It’s July 4th weekend! So you know what that means: It’s the beginning of iPhone speculation season!
We don’t know exactly when Apple plans to have its fall iPhone event, but traditionally, its happened in either late September or early October. So we have about 8 weeks, realistically speaking before we know the real details about what Apple’s new smartphone flagship is all about.
Armchair Apple watchers like myself can only speculate about what features are going to be in the new phone. However, we already have a bunch of clues based on numerous leaks that have originated from Cupertino’s manufacturing partners in Asia as well as some other notable news items from the company’s partners.
Many of the iPhone’s upgrades in the last two years have been iterative, especially since the introduction of the FaceID facial recognition technology that has been part of the line since the launch of the iPhone X — it’s now in every current generation phone the company sells, the XR, the XS, and the XS Max.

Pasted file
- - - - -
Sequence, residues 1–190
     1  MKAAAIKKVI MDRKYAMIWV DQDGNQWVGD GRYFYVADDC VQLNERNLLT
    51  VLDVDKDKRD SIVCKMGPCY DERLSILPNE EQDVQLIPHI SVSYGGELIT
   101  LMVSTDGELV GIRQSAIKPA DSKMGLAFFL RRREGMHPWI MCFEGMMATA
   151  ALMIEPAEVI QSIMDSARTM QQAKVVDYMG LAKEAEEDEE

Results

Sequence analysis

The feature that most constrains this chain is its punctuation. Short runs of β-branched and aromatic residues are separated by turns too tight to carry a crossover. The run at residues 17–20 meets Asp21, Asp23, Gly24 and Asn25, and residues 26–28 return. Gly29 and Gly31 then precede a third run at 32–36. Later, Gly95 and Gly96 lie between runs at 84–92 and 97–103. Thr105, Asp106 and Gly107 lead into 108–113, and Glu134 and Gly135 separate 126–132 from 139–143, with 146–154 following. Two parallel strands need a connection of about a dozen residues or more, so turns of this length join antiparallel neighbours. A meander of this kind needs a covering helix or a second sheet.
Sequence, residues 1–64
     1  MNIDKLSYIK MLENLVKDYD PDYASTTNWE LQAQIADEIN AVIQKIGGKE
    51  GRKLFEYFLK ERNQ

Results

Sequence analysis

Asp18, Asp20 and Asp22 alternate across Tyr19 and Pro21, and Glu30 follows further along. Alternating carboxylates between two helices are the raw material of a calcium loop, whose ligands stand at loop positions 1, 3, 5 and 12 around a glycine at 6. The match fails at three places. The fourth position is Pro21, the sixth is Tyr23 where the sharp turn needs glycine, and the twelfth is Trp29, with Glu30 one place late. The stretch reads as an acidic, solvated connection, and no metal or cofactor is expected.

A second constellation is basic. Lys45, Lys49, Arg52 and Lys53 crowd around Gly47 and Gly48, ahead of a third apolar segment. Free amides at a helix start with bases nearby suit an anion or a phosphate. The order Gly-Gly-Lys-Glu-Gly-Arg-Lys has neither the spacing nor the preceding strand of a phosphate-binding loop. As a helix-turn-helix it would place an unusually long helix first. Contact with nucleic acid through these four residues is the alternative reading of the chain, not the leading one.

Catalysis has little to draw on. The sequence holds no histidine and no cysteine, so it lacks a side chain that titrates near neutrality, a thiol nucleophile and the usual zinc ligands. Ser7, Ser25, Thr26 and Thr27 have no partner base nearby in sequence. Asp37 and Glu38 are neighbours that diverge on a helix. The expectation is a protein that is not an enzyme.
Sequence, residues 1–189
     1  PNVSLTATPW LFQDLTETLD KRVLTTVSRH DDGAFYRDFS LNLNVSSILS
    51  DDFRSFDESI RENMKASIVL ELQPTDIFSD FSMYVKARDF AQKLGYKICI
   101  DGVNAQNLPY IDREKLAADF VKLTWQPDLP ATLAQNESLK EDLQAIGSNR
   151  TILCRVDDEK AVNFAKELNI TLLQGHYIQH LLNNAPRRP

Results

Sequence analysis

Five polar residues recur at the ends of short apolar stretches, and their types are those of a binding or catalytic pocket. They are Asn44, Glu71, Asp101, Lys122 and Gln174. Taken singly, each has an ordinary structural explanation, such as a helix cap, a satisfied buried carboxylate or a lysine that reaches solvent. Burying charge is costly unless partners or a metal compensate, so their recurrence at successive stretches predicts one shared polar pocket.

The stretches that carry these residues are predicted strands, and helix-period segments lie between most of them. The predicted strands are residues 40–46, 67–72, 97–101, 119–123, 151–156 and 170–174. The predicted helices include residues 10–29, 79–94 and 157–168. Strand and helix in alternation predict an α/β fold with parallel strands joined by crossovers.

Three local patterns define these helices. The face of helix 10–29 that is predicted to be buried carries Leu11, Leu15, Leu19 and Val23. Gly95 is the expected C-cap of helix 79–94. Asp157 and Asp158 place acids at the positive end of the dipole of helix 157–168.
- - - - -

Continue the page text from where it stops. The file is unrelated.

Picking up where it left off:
The iPhone X was a radical departure from iPhone 7 and iPhone 8: the device was virtually bezel-less and hardware button-free on the display area. However, the XR, XS and XS Max were not substantially different from the iPhone X in terms of overall industrial design. Apple introduced a larger form factor in the XS Max and a version with 3D touch removed in the XR, with a lower quality display, at a lower price point, as well as the usual component upgrades in the A-series SoCs.
TouchID to return because FaceID stinks?
However, it appears that the FaceID technology has not been as successful as one might have expected. It has been rumored that TouchID, the fingerprint recognition technology that was initially introduced in iPhone 6 and is now only available on iPhone 7 and iPhone 8, may be making a comeback within the next year, albeit concealed underneath the screen (a la Huawei and OnePlus) rather than as a dedicated hardware button. Apple’s new version of TouchID purportedly works better than the Android in-display alternatives, as the sensor is supposed to function over a much larger screen area, so the finger doesn’t have to align with the sensor precisely.